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Sorry, thought I replied earlier.

I've used that toggle and tried forcing an AP to 802.3at while only getting 802.3af on the switch.  That didn't help.

If the switches actually get 802.3at, it'll overload the switch and ports will get shut down.

So what I'm looking for is some way to activate the secondary ethernet port while the AP is in 802.3af mode.
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John D, AlphaDog

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This doesn't seem to be possible in 802.3af mode. Plain old gigabit ethernet ports do take about a few watts to operate, which can easily be a problem for fitting within the 802.3af budget. Ruckus probably made the assumption that more 802.3af users care about wifi radios operating in a less crippled mode vs the ability to establish bridged wired connections using the second port.

The R610's specs for power consumption shows that it's just barely over the 802.3at threshold, so you probably don't need to budget for too beefy of a PoE+ switch.

Idle: 5.7W Typical: 10.4W Peak: 18.8W



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David Buhl

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Thanks.  Unfortunately, the way the vendors handle POE works against me.  According to HP/Aruba, the POE standards require that 25W is allocated to each port with 802.3at turned on.  If the AP draws more during startup, it will allocate more to the Mac load for that port.  I see most of the APs get up to about 28.8W during initial startup.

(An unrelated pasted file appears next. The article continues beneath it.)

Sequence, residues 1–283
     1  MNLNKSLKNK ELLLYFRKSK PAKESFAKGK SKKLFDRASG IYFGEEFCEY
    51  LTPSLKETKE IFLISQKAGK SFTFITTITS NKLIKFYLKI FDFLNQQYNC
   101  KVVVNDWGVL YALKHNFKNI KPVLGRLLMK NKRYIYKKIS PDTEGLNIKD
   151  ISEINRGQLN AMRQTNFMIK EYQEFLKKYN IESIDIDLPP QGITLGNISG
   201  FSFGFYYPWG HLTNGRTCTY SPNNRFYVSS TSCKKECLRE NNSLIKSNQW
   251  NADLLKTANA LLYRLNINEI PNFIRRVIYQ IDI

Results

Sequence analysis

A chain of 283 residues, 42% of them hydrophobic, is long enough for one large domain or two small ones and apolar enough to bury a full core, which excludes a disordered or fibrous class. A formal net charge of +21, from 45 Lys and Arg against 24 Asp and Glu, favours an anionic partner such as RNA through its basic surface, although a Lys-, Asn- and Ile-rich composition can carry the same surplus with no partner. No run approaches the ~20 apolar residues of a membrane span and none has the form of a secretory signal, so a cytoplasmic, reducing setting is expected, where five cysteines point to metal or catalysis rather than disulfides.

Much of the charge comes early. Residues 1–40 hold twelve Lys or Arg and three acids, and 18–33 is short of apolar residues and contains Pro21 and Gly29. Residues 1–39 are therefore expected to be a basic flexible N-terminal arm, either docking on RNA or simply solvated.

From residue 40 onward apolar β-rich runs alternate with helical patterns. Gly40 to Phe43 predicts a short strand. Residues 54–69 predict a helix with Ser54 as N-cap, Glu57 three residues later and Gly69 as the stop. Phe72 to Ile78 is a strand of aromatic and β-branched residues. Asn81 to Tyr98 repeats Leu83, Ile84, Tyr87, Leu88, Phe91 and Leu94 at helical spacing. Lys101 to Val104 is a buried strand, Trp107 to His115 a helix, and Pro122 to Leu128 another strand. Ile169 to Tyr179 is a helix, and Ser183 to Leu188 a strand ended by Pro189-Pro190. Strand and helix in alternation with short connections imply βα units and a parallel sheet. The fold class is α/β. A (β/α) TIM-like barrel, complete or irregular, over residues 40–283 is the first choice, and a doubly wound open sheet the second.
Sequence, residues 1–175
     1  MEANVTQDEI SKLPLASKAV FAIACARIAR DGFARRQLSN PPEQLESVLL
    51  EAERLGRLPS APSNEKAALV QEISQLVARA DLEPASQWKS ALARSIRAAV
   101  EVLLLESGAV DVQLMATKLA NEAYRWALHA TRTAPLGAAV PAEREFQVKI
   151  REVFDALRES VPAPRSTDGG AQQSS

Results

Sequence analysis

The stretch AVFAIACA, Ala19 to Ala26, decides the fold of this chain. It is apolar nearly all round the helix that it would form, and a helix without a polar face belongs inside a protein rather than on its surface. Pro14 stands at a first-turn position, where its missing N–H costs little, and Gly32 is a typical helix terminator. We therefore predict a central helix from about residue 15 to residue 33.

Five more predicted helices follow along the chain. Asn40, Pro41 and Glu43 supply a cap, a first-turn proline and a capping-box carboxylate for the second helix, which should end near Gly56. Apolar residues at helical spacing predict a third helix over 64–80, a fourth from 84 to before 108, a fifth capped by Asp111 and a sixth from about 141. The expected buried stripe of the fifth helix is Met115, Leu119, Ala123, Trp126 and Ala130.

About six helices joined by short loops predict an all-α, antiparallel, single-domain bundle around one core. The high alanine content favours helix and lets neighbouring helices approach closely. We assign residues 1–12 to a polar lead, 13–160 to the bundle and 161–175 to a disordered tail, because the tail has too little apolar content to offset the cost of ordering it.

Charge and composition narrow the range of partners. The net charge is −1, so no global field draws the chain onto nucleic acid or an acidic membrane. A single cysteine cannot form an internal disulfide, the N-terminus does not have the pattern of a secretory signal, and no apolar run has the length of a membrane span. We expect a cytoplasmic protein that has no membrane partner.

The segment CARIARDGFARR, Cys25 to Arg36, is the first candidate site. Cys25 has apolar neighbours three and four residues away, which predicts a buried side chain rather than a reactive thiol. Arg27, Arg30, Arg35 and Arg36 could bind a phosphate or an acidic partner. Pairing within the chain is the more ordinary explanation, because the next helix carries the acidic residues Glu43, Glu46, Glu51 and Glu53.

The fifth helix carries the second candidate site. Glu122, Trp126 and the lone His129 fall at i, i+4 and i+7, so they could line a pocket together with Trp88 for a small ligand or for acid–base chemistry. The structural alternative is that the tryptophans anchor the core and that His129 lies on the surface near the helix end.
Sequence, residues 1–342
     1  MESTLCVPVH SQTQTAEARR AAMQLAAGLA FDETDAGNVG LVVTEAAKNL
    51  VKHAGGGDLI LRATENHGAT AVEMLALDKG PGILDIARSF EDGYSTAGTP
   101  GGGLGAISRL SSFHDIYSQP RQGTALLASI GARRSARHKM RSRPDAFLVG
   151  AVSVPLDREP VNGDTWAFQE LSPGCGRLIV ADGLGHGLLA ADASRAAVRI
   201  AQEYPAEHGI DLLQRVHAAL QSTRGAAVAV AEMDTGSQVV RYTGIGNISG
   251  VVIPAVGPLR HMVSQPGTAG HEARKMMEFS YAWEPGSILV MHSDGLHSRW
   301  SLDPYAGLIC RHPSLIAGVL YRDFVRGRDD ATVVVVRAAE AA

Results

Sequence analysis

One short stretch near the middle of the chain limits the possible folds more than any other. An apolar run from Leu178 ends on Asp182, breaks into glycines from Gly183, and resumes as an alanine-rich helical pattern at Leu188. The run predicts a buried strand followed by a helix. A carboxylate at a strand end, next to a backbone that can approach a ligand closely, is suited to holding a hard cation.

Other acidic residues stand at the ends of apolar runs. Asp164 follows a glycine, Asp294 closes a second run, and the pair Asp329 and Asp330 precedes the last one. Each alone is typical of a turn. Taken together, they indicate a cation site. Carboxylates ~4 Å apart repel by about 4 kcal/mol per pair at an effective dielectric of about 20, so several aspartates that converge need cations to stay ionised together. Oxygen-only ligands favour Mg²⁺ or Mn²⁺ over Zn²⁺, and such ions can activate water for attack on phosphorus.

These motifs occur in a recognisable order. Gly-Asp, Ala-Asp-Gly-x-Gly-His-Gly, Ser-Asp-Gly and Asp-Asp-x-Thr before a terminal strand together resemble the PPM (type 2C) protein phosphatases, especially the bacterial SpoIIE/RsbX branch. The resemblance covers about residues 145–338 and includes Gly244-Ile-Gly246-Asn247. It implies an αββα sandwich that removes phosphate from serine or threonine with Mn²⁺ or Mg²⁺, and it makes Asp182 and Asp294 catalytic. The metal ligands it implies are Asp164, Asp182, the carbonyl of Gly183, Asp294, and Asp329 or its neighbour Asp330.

The APs that are 802.3at, and the APs that are 802.3af both draw about 5.8W once they are running.  So that port and the extra 2.4 chain doesn't really matter.  The only real problem is the startup.  If the AP isn't getting 802.3at, it shuts those things down.

All Ruckus would need to do is activate the port after startup is complete.
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Diego Garcia del Rio

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Hi David,

At least on Ruckus switches you can manually configure the PoE power budget to 18W for example (or 20W) so that you don't burn the 25W allocated and have the ability to use more ports. Not sure if Aruba has the same option or not.

To be honest, I've been using R610 APs on .af switches while the AP was set to power-mode "at" and they worked fine. Im surprised to see 28.8W during startup as its way more than what the Ruckus Datasheets state (and even those tend to be agressive in specifying peak power consumption). 

Did the switch ports shut down when setting the power-mode to .at? or is just theory?
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David Buhl

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Yes, I tried setting the wattage by value on the HP/Aruba switches.  But any manually set budget under 30W leaves secondary disabled.  There is no other functionality that is removed that you would notice really.  

Have you been able to use the secondary port when you manually set the poe budget to 18?
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Diego Garcia del Rio